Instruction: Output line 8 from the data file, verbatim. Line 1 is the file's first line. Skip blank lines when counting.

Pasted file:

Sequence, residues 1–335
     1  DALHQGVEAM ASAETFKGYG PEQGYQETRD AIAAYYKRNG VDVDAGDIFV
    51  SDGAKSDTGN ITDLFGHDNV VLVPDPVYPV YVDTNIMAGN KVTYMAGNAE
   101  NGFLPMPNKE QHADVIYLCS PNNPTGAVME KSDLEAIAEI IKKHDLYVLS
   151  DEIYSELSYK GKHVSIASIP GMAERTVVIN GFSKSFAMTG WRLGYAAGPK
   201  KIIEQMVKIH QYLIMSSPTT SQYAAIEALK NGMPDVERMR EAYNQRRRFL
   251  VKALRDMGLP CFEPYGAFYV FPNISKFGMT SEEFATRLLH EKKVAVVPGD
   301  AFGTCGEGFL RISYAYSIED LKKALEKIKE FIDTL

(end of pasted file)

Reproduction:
   301  AFGTCGEGFL RISYAYSIED LKKALEKIKE FIDTL